It has been more than twenty years since I first made contact with Clive, and since then I have followed his musical adventures with great interest. I spent one Summer holiday playing Shadowland’s ‘Ring of Roses’ almost constantly as one of my daughters (who was all of five years old at the time) declared that it was the most amazing thing she had ever heard. Fast forward to 2004 and another of my daughters had me play ‘The Hound of the Baskervilles’ constantly as she was of the same view with this particular album (and she was older at eleven). Me, I have enjoyed everything Clive has been involved with, from Strangers on a Train and Pendragon through Shadowland and others and have always enjoyed our chats in various pubs and venues. But, having seen photos of the Polish show of this album, would it live up to expectations?
I initially received this as a digital download to review, but it wasn’t long before I bought the CD and the t-shirt (literally) as I just had to have the complete package in my hands. To say that this is by far Clive’s greatest achievement may be quite a statement to make, but playing this through just once will ensure that you agree with me. Clive has brought together some great musicians to assist him in providing the wonderful backdrop, but it is the singers that steal the show. This is much more than ‘just’ a concept album, it is a full-blown musical, and even though there is further explanation in the detailed booklet that comes with the double CD set, the lyrics and narration ensure that the listener knows exactly what is happenings. It is a quest, a fight of good against evil, with Professor King (played by Clive) and his colleagues attempting to foil the dastardly plot of Lord Henry Jagman (Andy Sears).
In all there are eleven characters, with most of the singers well-known to the prog crowd, but it may surprise some to discover that vocalists such as Tracy Hitchings (Landmarq), Damian Wilson (Threshold etc) and Paul Manzi (Arena) actually have fairly small roles. The other main male role is taken by David Clifford (Red Jasper) who is William Gardelle, while the two main female roles are Agnieszka Swita who plays Amelia and Victoria Bolley who plays the part of Eva. As I said, it is the singers who steal the show, with all of those involved putting in stunning performances. I honestly believe that Andy Sears has channelled all of the anger and angst that he used to perform “Creepshow” into a full-blown performance that has him singing better than he did 20 years ago. Clive is a revelation, as surely this can’t be the same person who supports Nick in Pendragon, while DC was Red Jasper’s drummer, not their lead singer (although he has now taken that role), duet comes across as a polished performer of real class. Add to that the incredible sopranos of Agnieszka, Victoria and Noel Calcaterra who plays Jessamine and it is an incredibly powerful mix.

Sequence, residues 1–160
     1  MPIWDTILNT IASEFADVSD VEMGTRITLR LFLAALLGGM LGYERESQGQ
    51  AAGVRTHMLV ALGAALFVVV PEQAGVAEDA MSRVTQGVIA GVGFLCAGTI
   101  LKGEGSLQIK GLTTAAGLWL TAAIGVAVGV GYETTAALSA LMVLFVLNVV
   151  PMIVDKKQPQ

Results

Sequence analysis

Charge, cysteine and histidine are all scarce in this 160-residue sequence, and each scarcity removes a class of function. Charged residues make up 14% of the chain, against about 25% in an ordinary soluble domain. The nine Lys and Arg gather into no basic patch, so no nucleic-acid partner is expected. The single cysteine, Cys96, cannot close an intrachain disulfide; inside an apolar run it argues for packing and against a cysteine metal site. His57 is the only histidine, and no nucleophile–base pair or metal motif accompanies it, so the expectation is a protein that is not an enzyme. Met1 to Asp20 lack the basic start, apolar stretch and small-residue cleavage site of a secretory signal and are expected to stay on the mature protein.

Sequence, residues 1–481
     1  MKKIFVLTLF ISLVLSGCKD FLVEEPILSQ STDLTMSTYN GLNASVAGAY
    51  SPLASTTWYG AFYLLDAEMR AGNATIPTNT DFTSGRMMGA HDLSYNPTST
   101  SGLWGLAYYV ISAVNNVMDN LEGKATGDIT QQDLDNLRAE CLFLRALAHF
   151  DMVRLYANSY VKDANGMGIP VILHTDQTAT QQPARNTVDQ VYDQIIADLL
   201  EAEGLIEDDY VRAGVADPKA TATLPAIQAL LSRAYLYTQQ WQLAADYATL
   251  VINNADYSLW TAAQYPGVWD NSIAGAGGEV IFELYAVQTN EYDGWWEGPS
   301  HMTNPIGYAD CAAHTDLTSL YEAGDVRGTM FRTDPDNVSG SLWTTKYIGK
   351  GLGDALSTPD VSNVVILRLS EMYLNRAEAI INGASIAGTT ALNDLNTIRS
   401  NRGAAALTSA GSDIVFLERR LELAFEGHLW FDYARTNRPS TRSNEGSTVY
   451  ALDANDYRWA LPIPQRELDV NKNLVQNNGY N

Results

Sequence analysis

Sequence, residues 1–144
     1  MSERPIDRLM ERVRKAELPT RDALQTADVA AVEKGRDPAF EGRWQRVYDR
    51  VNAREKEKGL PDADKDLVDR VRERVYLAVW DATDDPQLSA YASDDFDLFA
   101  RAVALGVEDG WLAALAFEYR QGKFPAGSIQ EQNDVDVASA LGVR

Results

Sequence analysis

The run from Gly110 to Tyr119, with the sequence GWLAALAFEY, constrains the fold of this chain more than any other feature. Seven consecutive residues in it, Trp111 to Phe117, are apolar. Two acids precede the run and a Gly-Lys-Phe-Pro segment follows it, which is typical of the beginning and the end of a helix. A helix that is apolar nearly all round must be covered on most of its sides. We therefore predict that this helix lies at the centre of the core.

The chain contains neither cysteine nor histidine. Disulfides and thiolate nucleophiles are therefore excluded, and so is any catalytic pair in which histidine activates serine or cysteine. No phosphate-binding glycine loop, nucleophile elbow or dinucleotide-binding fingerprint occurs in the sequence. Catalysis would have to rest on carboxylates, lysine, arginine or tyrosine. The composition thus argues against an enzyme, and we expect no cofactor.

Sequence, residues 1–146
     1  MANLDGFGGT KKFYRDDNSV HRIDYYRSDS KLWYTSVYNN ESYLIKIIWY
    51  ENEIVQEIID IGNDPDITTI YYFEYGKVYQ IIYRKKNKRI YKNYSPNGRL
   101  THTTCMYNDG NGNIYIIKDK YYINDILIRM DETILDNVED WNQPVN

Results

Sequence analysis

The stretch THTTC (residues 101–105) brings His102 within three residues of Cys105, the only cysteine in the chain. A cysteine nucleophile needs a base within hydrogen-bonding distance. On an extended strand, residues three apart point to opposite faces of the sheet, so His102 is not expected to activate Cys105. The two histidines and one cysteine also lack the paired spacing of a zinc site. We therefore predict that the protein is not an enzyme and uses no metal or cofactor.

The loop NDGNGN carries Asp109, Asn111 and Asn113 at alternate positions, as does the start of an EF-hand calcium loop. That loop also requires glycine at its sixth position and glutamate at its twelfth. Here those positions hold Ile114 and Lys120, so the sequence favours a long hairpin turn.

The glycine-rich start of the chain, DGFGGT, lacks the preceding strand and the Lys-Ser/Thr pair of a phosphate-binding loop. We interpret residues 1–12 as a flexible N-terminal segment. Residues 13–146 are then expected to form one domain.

But, there is much that makes this a compelling album. For me one of the major elements is the complexity of the vocals, which sometimes means that three or four singers can all be singing different melodies and lyrics against the same music backdrop, mixing and melding together in a way that is hard to comprehend yet is in such clarity that every word and nuance is fully heard and understood. There are songs such as “Quaternary Plan” or “Tide of Wealth” that brings together elements of ‘Fiddler On The Roof’ with ‘Mary Poppins’ as the listener wants to join in the chorus, while others are far darker and harder. There are showstopping ballads, with room for every one to shine.
To me this is the logical progression on from ‘Journey To The Centre of the Earth’ and the aforementioned ‘Hound of the Baskervilles’ with ‘Les Mis’ and ‘Fiddler’ also making important contributions.
I was dropping my youngest daughter at the bus stop the other day (she is 16, I am blessed with four daughters and I’ve tried to train them all in the joys of music, with differing levels of success), and she asked me what I was playing. I told her, and she said “it’s really good, and the singers are incredible aren’t they?”
‘Nuff said. I can’t imagine hearing a finer piece of work for a very long time indeed.